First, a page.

When I first heard the song “You Don’t Bring Me Flowers,” I hadn’t yet had a real kiss or a boyfriend—but I thought it was the saddest song I’d ever heard. When the man stops giving a woman flowers, the relationship is over.
My husband wooed me with flowers. Somewhere in his life, he had learned that flowers were the way a man showed a woman that he loved her—so that’s what he did. Flowers were his way of speaking romance and love to me—not so much because I liked them or because the flowers themselves meant anything to him, but because they were what he was supposed to do.
The summer we got engaged, he sent me flowers at work every single week and triggered envy in my co-workers. Throughout our engagement and the early years of our marriage, my husband gave me flowers for my birthday, for our anniversary, and sometimes just because.
When the Flowers Died
Sometime during the years of my gate-keeping and refusing, the flowers stopped. I was swamped by the demands of life and didn’t even notice.
My husband’s way of speaking romance and love had become silent. The silence fell on my deaf ears.
About twenty years into our marriage, I had stopped refusing. My husband, however, was just beginning to notice that something was going on but didn’t yet trust the changes.
Meanwhile, I had begun the process of trying to understand how, when, and why my refusal had started in the first place. At that point, I was still looking at my husband’s words and actions as a cause of my refusal rather than at myself. From my self-centered point of view, I thought about how he had failed to be the man of my dreams and how he didn’t show me he loved me—and then I realized that I didn’t even remember the last time he’d given me flowers.
It was a stab to my heart. I knew that a part of my husband’s heart had shriveled up. He no longer wanted to woo or romance me, and he no longer thought about showing me that he loved me. I couldn’t blame him for that, seeing as how I had deprived him of experiencing love from me. It seemed superficial for me to care about something like flowers, especially since I hadn’t even noticed the lack of them for at least a decade. It made me sad anyway.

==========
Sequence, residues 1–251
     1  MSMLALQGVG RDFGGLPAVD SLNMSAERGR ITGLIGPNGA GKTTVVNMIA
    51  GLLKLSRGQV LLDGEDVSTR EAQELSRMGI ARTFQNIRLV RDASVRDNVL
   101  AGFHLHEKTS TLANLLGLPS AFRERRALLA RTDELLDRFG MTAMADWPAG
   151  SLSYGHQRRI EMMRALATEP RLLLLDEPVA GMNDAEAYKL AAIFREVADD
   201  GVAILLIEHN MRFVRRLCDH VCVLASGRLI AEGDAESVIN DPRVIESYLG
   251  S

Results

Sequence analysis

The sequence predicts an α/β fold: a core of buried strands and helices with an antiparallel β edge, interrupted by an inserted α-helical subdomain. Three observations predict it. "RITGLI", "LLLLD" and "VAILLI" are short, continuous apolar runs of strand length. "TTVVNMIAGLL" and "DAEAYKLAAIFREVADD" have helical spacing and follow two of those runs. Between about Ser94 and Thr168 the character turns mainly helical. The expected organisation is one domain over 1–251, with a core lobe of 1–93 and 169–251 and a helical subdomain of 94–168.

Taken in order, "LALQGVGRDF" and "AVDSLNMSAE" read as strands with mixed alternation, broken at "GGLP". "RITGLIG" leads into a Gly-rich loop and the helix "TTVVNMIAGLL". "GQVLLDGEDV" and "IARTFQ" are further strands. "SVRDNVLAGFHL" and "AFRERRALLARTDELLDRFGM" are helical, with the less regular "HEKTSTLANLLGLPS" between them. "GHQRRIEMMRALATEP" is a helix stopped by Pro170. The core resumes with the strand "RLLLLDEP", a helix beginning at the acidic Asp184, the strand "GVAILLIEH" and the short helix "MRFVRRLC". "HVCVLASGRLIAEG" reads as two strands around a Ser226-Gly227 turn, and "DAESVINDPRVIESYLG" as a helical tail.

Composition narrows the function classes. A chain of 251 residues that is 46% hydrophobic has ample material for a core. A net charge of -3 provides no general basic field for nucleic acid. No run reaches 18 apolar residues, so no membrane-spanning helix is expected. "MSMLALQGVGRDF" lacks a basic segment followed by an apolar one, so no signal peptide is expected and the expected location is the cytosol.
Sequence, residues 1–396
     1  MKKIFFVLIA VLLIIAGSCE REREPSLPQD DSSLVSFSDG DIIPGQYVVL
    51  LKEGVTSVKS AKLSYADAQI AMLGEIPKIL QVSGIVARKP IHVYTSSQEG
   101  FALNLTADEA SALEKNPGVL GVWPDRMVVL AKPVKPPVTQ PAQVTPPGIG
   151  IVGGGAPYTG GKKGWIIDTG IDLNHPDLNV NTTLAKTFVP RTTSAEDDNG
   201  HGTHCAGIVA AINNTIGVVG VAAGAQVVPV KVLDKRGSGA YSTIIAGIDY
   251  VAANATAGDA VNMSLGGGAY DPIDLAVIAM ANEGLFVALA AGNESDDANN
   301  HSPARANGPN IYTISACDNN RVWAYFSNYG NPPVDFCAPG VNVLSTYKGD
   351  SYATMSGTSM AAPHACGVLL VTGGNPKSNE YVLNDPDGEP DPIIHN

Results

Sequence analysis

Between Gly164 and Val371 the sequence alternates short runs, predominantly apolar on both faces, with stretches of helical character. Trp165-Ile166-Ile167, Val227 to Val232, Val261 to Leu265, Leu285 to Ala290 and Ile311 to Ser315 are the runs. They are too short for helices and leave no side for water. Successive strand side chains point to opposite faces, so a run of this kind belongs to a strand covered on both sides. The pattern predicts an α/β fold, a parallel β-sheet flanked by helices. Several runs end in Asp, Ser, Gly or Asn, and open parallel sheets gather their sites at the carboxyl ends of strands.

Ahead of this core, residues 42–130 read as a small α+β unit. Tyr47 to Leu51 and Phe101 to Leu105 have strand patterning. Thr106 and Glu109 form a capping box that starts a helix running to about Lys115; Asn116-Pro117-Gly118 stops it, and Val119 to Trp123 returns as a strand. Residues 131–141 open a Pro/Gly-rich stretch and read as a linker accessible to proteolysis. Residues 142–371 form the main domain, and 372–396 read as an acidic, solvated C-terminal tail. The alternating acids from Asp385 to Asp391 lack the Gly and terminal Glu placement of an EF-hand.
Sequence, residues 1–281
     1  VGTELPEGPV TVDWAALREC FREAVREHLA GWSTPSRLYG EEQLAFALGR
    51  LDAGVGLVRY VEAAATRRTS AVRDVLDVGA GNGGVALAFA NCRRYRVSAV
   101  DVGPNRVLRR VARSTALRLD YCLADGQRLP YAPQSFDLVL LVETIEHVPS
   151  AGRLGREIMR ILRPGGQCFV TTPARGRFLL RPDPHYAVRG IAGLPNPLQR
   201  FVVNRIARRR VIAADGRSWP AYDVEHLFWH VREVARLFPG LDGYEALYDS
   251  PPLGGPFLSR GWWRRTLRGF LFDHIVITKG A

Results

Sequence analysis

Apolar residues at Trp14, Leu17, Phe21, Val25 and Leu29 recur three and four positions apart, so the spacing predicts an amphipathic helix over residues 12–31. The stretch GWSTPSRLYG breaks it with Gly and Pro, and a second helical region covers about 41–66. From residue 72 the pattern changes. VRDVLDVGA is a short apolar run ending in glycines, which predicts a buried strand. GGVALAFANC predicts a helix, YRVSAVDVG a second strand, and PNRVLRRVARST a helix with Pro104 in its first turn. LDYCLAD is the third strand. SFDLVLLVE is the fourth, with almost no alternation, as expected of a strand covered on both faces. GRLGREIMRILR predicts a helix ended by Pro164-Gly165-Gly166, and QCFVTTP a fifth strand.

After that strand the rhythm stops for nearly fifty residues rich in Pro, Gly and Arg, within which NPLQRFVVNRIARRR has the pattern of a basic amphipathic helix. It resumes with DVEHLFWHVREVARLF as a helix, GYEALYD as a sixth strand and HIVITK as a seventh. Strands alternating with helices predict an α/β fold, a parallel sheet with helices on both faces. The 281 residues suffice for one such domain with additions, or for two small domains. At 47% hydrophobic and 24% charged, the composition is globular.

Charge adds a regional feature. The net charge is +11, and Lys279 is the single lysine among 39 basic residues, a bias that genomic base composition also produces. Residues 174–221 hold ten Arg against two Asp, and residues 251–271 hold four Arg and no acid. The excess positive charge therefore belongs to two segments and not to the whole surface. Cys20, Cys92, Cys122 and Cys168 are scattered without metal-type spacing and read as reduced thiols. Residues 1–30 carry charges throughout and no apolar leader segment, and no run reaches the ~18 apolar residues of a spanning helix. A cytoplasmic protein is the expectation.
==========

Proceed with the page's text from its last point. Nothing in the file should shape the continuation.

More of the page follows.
As our marriage began to heal, the flowers didn’t return. We couldn’t really afford flowers anyway, and I figured that our relationship had moved past a point of romance and wooing. Still, I realized that my heart ached a little bit. I wanted to be romanced. I wanted to be wooed.
Last year, flowers began to make occasional appearances again. It occurred to me that the part of my husband’s heart that had shriveled after long years of deprivation had perhaps begun to heal.
Last year, he said to me, “I feel more married than I ever have before,” and “I couldn’t love you more if you were wrapped in bacon.” Although the flowers hadn’t really returned, I was able to see deep romance and love in much of what my husband did.
At the beginning of this year, my husband and I began praying together. Our spiritual connection was the final piece that helped us experience the one-flesh nature of marriage. And although we’ve experienced some trials this year, our marriage is a source of joy, comfort, and love in a way it hasn’t been before.
I can see that my husband’s heart has healed. He shares his heart with me more now than he has at any other time in our relationship. He has more patience with me. He is more giving. He is more loving. And once every few weeks, on Friday night date nights, he’ll bring me flowers.
On the first Wednesday of every month, my husband fasts for me and for our marriage. I feel blessed that I have a husband who is willing to give up something that is such an enjoyable part of his life for me.
Yesterday was fasting day. Throughout the day, when I thought of him or when I ate, I prayed for him and for our marriage. I thanked God for having healed our marriage enough that my husband is willing to sacrifice for me. I thanked Him for softening my heart and giving me the courage I needed to help my husband feel loved. I thanked Him for giving me a husband who loved me throughout my years of refusing and gate-keeping.
Big Guy walked in the door at the end of the day, carrying a bouquet of flowers. He could tell that I was puzzled by flowers in the middle of the week. “It’s sacrifice day,” he explained. “I wanted to give you something to remind you that I spent the day thinking about you and praying for you.”
I tearily mumbled something about not being worth the sacrifice.
“You are worth the sacrifice. I love you.”
The flowers of our youth were a superficial sign of romance, a man doing what he thought he was supposed to do to woo a woman.
Yesterday’s flowers are a sign of a deeper spiritual romance, a husband speaking from his whole heart to the wife he loves very, very much.
It is the very best kind of romance there is.
Image credit Chris Taylor
Shared at Calm.Healthy.Sexy.